Blind Date with a Book campaigns have become popular at all sorts of libraries. The concept is simple: library members choose and check out a “mystery book,” read (or abandon) the book, and then provide feedback about whether they connected with or liked the book. The purpose of campaigns like this one is to encourage readers to explore materials they may not otherwise pick up. Regardless of how many times our parents have told us not to, we do often judge books by their cover. Which means that otherwise wonderful books sometimes languish on library shelves, looking more stuffy/staid/nerdy/corny than they really are.
The way in which different librarians approach the Blind Date with a Book concept is fascinating to me. Some librarians wrap the books all in brown paper, leaving you with a truly random choice. Some make it clear that the book is of a certain genre, or at a certain reading level. The librarians at my new library presented the books wrapped in personal ads–and had a wide range of genre and interests represented. They even included YA stickers on the choices from the Young Adult section, which I thought was quite clever. Hack Outreach has created a Pinterest Board dedicated to Blind Date with a Book displays where you can see a number of creative and visually appealing examples of Blind Date book displays, advertising, and occasions.
Now, about my own Blind Date with a Book. It started well. I read the personal ads very closely and debated for probably longer than was necessary whether I should go for “epic with a dash of honor, deceit, and violence” or whether I should go for “mystery with a dash of sassiness, intrigue, and shock.”
I went for epic. My decision was partly based on physical characteristics–though I couldn’t see the book covers, I could see clearly that the mystery was just too short for me. When I unwrapped my choice, I found that my Blind Date was with a book I’d never seen before, with an author I hadn’t read.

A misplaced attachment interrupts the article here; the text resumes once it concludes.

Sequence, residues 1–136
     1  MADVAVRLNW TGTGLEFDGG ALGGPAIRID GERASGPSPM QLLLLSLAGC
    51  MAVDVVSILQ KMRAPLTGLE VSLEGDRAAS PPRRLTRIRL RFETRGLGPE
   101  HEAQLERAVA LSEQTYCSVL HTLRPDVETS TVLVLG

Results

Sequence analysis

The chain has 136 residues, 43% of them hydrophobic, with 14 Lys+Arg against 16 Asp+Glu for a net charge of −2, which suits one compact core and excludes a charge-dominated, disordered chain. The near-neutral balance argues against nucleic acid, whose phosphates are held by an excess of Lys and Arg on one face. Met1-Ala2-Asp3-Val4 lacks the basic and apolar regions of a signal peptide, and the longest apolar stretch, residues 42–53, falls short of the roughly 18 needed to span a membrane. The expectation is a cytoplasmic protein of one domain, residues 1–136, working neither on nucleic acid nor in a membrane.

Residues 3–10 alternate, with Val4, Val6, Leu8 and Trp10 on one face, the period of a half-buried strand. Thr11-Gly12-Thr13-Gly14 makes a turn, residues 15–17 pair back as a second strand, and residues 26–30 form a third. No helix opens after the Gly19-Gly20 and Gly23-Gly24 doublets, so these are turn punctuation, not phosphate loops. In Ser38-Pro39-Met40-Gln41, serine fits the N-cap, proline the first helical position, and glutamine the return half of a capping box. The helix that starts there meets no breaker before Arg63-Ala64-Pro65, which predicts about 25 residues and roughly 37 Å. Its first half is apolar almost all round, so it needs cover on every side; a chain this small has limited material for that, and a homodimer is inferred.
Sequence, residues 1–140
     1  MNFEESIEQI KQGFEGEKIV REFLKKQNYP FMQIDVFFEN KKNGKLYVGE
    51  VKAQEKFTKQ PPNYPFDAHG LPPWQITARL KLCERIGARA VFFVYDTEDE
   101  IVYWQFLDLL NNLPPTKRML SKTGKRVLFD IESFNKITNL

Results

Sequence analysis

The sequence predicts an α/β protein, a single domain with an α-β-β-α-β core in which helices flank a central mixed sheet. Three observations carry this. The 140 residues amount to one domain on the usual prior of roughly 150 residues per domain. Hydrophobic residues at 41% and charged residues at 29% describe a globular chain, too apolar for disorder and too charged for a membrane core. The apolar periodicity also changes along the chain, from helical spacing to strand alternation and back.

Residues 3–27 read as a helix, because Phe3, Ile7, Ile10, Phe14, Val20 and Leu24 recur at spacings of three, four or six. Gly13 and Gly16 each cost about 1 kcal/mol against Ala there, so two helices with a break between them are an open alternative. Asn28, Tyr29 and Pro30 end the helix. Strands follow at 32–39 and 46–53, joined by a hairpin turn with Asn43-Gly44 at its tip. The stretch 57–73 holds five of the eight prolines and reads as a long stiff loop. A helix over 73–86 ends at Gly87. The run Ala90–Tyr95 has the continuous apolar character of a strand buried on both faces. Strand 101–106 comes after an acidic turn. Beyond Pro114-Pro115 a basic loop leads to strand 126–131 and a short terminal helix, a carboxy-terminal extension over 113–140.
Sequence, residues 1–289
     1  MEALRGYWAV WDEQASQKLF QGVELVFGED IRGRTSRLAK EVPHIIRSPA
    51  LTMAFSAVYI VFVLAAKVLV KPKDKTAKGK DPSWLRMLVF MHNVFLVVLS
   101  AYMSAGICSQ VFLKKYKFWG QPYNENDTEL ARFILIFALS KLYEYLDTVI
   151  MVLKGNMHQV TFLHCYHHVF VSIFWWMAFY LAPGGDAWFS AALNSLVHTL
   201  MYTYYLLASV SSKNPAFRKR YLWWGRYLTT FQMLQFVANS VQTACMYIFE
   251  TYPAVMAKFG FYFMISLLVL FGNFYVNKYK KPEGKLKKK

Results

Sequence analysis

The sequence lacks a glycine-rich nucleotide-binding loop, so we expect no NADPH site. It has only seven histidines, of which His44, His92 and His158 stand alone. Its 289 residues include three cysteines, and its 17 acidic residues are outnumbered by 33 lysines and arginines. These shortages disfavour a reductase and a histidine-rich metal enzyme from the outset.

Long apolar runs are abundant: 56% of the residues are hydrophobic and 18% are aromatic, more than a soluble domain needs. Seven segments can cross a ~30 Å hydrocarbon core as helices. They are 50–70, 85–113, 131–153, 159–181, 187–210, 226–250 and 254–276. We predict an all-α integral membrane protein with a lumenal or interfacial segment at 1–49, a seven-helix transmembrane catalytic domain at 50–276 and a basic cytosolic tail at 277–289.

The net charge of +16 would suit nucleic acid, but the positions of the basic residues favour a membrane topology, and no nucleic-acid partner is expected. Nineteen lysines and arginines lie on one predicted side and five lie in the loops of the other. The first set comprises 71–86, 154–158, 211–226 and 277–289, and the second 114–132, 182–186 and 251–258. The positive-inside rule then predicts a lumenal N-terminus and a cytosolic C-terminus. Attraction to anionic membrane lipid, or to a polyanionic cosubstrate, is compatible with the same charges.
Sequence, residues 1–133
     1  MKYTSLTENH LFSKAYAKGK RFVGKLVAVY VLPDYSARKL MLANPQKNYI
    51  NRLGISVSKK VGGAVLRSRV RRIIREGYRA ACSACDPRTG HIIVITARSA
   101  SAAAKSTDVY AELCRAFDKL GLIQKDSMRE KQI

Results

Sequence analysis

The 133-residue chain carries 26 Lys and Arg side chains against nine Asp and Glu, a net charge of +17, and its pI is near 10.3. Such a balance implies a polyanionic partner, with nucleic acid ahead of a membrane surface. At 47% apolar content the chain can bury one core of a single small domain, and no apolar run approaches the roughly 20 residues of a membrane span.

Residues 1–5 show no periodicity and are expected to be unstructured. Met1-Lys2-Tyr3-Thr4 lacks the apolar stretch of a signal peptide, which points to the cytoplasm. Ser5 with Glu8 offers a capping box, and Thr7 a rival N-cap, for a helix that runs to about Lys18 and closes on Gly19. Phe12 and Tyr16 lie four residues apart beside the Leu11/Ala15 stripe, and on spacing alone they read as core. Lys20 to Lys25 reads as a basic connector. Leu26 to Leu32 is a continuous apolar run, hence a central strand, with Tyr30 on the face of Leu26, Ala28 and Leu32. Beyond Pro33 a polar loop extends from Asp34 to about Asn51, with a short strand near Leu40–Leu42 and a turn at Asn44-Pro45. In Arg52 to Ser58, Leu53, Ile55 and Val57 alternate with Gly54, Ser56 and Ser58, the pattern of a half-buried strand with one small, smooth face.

The date started well. I was enchanted. The book was interesting, well written, and the story was off to a solid start. I felt like we were getting to know each other and it was going well. Then, the story changed, and I wasn’t quite as enchanted. This epic tale covers a number of generations in the same region of England and, though the writing was just short of amazing, I did not connect with the characters or their plight after the first story. By tale three, I was checking my watch and wondering if I should feign a headache. I excused myself for a few centuries, and came back to my date when it looked like we were approaching a historical event that might prove interesting. Sadly, that didn’t pan out.
While I found my Blind Date excruciatingly long, I wouldn’t call it a total loss. In fact, I may pick up another book by this author–I enjoyed his writing, and the story line I did connect with, I connected with in a big way. In the end, this is not a book/author I’d want to date again, but I wouldn’t mind linking up for a casual and brief coffee and a chat.